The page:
Morley Prize for Unpublished Writers of Colour announces 2022 winner

Hanna Thomas Uose is this year’s winner of the Morley Prize for Unpublished Writers of Colour. Her entry, Who Wants to Live Forever, was announced at an awards ceremony last night, Thursday 20 October 2022, at Morley College London’s historic Waterloo Centre for Adult Education.

Hanna is a 38-year-old Japanese/British writer based in London and Norwich, and is currently studying for an MA in Prose Fiction at the University of East Anglia (UEA). She has completed a first draft of her debut novel Who Wants to Live Forever, about a new drug that halts ageing and extends the human lifespan. The story explores the effects of the drug on different, intertwined characters from London, Tokyo and San Francisco.

“I didn’t expect to win and I am delighted,” Hanna said. “It is such a boost to my confidence. I have a couple of other book ideas after this one, which I would really like to write and I’d really like to be a published writer. This is a step in the right direction. The support from Rachel Mills Literary is invaluable and I’d like to thank the judges and Morley College London. I’ve entered writing competitions before, but this is the first time I’ve won. It’s so exciting.”  

Winner Hanna with Nelle Andrew

Hanna says of her book: “It combines the high concept of Station Eleven with the doomed romance of Normal People, and the existential questions of Life After Life. It explores themes of time, love, ambition, culture, and class – examining what it means to be human and what makes a good life.”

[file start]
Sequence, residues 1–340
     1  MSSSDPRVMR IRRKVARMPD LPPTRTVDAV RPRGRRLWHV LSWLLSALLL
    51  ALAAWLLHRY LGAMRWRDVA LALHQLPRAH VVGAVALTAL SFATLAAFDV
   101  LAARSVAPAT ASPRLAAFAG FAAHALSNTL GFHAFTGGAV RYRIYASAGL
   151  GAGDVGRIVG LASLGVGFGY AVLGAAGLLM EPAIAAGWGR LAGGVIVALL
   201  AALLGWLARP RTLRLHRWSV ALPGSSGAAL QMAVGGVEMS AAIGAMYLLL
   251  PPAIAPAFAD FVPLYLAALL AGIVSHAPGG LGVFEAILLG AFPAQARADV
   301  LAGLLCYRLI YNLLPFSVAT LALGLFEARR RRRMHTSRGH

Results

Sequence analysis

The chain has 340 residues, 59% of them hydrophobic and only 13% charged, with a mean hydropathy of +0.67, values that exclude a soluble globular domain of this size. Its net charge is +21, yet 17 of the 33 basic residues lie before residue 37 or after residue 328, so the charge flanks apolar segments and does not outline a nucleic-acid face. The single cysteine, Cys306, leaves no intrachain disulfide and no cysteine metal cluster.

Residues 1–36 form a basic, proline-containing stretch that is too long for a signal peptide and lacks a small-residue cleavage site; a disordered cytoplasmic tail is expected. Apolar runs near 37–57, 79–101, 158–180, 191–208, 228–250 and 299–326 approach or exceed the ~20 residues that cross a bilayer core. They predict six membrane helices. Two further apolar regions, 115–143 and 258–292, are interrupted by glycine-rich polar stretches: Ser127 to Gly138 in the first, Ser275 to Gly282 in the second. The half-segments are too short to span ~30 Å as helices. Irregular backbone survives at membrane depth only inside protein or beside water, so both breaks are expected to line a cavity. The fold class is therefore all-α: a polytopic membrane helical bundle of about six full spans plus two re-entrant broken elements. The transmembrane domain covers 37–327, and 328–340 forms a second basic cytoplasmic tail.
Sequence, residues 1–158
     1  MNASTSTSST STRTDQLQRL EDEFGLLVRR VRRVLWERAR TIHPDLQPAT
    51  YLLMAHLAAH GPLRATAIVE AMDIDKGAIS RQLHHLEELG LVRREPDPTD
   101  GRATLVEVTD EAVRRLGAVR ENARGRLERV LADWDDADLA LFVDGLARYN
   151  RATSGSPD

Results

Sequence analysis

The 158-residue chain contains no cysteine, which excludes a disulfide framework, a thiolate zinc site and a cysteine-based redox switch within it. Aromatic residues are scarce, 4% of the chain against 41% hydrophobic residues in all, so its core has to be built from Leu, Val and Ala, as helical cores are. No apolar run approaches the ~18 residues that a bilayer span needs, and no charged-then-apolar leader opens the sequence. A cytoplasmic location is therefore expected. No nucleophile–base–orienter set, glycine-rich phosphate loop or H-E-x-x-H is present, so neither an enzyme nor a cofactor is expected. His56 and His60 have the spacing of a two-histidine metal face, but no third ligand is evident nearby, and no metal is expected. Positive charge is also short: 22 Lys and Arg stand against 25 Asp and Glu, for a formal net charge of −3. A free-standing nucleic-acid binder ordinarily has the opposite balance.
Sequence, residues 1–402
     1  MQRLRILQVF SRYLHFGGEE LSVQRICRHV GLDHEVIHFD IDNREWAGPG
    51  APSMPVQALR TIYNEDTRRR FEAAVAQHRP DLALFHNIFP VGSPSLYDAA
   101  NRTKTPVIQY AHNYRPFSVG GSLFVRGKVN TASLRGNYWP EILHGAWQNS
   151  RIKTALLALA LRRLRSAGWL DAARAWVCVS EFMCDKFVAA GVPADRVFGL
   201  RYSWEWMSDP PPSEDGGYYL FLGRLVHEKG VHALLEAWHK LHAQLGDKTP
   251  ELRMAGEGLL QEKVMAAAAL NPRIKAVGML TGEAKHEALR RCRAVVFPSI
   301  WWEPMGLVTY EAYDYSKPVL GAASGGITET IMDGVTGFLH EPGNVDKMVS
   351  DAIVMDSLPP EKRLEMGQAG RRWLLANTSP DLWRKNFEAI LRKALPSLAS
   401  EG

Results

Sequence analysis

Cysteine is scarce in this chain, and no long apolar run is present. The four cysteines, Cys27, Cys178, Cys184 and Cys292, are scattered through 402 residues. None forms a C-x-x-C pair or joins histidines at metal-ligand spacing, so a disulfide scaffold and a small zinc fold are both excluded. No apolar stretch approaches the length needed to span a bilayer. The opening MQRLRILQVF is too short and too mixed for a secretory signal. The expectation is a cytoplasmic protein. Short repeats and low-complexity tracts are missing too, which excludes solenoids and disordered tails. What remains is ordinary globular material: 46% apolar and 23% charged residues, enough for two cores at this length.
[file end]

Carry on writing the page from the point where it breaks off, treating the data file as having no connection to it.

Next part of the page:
Hanna will receive mentoring and support from RML, an award-winning agency co-founded by Nelle Andrew, Literary Agent at RML and Agent of the Year at the British Book Awards 2021. Nelle is committed to breaking boundaries in the publishing industry and founded the Prize to help carve a path for under-represented writers – particularly women and people of colour.

“The illustrious, wise and supremely talented Toni Morrison once wrote: ’If you are free then you need to free somebody else. If you have power then it is your job to empower somebody else.’”

Nelle Andrew, RML

This year the annual prize for Fiction – jointly presented by Morley College London and Rachel Mills Literary Agency (RML) – also included the category of Life Writing and Creative Non-Fiction for the first time.

The shortlist reflected both categories and in addition to the winner is a ‘High Commendation’ for Non-Fiction entry Words I Was Taught by Durre Shahwar. The commendation is a reflection of the high standard of the entries overall and the judges particularly wanted to recognise Durre Shahwar’s important contribution to the spirit of the Prize and to the genre of narrative non-fiction.

The Award evening, paired with a performance of Samuel Coleridge Taylor’s The Master Composer: Samuel Coleridge-Taylor, took place in Morley’s iconic Holst Room and Emma Cons Hall, a highlight of Morley College London’s Black History Month celebrations and Morley’s proud history of diversity and inclusion since being founded in 1889.

The panel of judges comprised RML’s Nelle Andrew (as Fiction lead), Publishing Director Marianne Tatepo (who will lead the Non-Fiction category), novelist Louise Hare, lecturer Billy K. Kahora and author, Ayisha Malik. Find out about our judges, shortlistees and creative writing courses by visiting the Morley Gallery website.

Congratulations to all our shortlistees

From 21 October onwards there will be a Morley Prize shortlistee exhibition in the Cardew Gallery at our Waterloo Centre for Adult Education (Westminster Bridge Road).